Sustainability: The idea of sustainability dates back to medieval times. Sustainable practices, such as active seed production or coppices systems, were developed in Europe (e.g., Peter Stromer in Nürnberg, Germany; [12]). The term “sustainable” was first coined in German (i.e., “nachhaltig”) in a textbook on silviculture, slightly more than 300 years ago, by Hannß Carl von Carlowitz [13]. He was the head of the silver mining industry in the former Kingdom of Saxony (now a Federal State of Germany) and realized that more wood was being used in the silver mining industry at that time than was regrown. Due to the leading role of German foresters in developing modern forestry, the term spread in the community. Nowadays, the idea is much wider, covering all aspects of human use of nature, condensed in the definition in the UN Brundtland Report [14]: “Sustainable development is development that meets the needs of the present without compromising the ability of future generations to meet their own needs”. However, it has to be noted that sustainable utilization of natural resources does not necessarily mean to mimic natural processes. In contrast, nature very often works unsustainably, leading to population collapse or species extinction. Sustainable use, therefore, is a principle introduced by humans to prevent such a collapse of the human population.

2. Analyses and Case Studies

In the following, short commentaries and case studies are presented that address the main discussion points regarding multifunctionality of forests.

2.1. Societal Demands: Multiple Actors and Multiple Demands on a Limited Resource—A Friction Zone

2.1.1. Analysis of Different Forms of Integration of Multiple Interests in Forestry

In the political debate about multifunctional management, the terms of integration and segregation are of high importance, especially when there is a debate about conflicting interests, such as wood utilization vs. protection of biodiversity (e.g., dead wood). Forestry actors often favor the concept of priority areas to address these conflicts [15].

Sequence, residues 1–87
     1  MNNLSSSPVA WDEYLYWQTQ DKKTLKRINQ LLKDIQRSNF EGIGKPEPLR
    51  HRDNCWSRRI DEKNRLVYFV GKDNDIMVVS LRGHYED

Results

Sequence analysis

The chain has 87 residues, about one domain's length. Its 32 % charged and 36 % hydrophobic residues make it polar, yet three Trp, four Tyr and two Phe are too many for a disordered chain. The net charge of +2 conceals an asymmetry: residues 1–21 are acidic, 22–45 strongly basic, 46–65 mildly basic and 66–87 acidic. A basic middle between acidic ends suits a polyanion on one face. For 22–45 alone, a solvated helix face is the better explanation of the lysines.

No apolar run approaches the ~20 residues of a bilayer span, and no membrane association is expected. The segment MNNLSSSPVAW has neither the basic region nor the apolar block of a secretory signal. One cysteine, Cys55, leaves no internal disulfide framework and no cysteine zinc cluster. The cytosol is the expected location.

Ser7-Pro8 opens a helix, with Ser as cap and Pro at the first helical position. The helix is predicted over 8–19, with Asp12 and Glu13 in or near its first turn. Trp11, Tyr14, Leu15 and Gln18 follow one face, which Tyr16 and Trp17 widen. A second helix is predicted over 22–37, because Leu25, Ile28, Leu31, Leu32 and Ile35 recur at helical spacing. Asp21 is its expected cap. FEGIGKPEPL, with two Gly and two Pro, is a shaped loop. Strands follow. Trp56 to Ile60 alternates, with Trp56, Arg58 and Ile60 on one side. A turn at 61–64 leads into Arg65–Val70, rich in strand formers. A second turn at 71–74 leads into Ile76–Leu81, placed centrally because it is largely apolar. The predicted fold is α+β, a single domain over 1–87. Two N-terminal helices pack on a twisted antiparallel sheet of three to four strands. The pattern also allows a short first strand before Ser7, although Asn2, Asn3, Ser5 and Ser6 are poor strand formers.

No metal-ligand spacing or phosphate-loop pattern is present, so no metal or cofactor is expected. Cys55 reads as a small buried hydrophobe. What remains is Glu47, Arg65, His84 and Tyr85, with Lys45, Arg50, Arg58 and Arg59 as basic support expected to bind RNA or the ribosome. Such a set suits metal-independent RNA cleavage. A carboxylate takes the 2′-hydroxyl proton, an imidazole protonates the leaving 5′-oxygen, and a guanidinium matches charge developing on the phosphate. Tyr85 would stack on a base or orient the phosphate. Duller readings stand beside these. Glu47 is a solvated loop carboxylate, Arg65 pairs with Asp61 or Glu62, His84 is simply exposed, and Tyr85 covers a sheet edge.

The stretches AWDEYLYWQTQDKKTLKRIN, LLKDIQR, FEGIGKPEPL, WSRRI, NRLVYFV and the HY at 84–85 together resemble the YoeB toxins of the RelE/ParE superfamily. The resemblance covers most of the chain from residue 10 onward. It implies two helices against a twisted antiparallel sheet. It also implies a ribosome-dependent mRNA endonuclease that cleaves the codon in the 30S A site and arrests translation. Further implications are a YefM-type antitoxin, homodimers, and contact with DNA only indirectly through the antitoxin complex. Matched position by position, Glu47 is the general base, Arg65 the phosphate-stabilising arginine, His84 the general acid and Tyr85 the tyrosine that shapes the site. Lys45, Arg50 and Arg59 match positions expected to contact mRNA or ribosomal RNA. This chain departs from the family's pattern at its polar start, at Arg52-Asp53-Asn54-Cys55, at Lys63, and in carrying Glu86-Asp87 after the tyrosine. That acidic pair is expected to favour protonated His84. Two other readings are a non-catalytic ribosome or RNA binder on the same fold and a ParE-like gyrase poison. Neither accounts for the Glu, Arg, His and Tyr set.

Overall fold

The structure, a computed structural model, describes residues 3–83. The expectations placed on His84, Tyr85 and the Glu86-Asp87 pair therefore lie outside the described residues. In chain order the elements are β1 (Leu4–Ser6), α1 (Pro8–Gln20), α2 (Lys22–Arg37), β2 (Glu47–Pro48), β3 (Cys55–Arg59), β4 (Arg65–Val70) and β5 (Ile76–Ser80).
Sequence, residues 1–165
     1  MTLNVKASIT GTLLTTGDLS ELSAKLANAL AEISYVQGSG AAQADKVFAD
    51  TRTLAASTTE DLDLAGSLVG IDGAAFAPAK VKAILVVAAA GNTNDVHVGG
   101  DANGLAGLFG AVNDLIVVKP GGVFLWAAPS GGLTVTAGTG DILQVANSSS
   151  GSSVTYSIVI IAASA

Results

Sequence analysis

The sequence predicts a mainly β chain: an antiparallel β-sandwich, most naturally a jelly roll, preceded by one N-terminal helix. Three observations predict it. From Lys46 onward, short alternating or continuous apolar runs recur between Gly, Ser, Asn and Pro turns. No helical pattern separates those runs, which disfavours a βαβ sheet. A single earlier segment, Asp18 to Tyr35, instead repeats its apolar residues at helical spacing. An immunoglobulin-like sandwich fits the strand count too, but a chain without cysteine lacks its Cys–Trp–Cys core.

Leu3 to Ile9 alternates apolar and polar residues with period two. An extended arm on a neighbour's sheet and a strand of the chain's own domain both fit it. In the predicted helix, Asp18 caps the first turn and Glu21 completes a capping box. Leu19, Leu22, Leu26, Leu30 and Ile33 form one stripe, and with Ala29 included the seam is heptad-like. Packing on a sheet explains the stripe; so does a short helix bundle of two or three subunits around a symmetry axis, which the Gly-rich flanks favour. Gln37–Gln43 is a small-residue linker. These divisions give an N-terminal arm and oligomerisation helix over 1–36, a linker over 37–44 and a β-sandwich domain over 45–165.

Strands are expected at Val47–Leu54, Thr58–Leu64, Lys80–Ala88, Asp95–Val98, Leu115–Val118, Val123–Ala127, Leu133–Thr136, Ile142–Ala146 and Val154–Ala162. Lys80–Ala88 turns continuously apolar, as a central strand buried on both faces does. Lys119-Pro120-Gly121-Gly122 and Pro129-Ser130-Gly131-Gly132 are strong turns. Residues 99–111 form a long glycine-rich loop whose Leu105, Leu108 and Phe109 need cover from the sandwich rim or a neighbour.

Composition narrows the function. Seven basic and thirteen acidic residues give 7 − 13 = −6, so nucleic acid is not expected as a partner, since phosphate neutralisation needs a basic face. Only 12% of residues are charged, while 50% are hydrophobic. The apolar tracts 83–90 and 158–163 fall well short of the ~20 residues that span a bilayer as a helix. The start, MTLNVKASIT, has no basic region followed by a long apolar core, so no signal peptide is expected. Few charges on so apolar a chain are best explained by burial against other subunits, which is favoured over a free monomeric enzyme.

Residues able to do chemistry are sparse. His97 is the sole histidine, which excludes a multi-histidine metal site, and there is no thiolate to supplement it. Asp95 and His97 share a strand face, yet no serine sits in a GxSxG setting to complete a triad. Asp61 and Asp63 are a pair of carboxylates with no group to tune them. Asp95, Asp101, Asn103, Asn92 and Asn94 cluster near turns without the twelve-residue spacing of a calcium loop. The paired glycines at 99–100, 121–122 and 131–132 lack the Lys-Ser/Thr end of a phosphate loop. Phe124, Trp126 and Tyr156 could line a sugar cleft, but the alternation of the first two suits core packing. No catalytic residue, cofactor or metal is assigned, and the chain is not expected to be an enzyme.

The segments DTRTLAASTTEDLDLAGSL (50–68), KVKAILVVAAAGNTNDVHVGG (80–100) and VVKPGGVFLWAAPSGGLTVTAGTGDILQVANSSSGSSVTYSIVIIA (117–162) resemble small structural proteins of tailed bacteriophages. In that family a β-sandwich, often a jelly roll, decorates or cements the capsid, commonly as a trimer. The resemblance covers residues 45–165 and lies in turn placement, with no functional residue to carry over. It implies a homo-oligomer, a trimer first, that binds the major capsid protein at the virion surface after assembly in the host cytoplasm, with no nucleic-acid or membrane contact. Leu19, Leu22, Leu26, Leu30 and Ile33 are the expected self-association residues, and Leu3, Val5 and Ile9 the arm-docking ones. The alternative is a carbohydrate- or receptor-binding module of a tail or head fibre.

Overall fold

“Inclusion” means that different interests can be fulfilled on the same spot without conflicts. For centuries, coppice with standard systems were an example for the inclusion of interests for firewood, timber, tannery, litter, and pig fattening. Integration occurs if different interests cannot be fulfilled optimally at the same spot, so that spatial or temporal prioritization of one interest over the other(s) is needed. There are no clear boundaries between areas of prioritization. Starting with the integration level, there is a clear power imbalance between actors with different interests. The powerful actors decide if they integrate, segregate, or exclude other interests within “their” forests. In European alpine forest pasture systems, grazing is integrated into forestry. There is a fluent transition from dense forest stand to light sheltered woods to open pastures. A segregation clearly separates the interests, which cannot or should not be fulfilled on the same area. Reorganization of forest pasture systems often relies on this concept. Livestock is concentrated in (fenced) areas with a higher degree of open pastures and less steep terrain, while protection forests are released from the grazing pressure. Forests within fencing are less profitable for the forest owner, and the interests of the farmers are dominant. Exclusion means that certain functions are completely suppressed by the dominant function within the area of interest. The Bavarian Forest Rights Law (BFRL) mentions the possibility of grazing rights being transferred to non-forested areas. The forest owner would have to provide such pastures outside the forests. The last possibility is that certain interests are eradicated (extinction). The BFRL, for example, allows to directly transform grazing rights into timber (or other) rights. The forest owner also has the possibility to purchase the grazing right. Thus, multifunctional management is a flexible answer to the question, “Who is integrating which interests to which extent on which spatial level into what?” This question is answered within the societal or political discourse, as well as by management decisions of forest owners.